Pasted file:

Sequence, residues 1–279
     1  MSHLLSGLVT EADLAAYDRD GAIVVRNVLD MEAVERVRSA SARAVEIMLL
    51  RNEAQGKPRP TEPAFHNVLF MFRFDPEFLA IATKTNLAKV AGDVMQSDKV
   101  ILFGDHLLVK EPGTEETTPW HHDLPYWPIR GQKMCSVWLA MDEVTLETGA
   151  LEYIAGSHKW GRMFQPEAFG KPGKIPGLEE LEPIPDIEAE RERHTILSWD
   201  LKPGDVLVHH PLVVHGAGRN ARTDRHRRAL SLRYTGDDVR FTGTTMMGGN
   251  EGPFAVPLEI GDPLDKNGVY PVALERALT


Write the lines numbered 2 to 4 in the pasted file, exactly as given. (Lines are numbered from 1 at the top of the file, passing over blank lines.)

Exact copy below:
     1  MSHLLSGLVT EADLAAYDRD GAIVVRNVLD MEAVERVRSA SARAVEIMLL
    51  RNEAQGKPRP TEPAFHNVLF MFRFDPEFLA IATKTNLAKV AGDVMQSDKV
   101  ILFGDHLLVK EPGTEETTPW HHDLPYWPIR GQKMCSVWLA MDEVTLETGA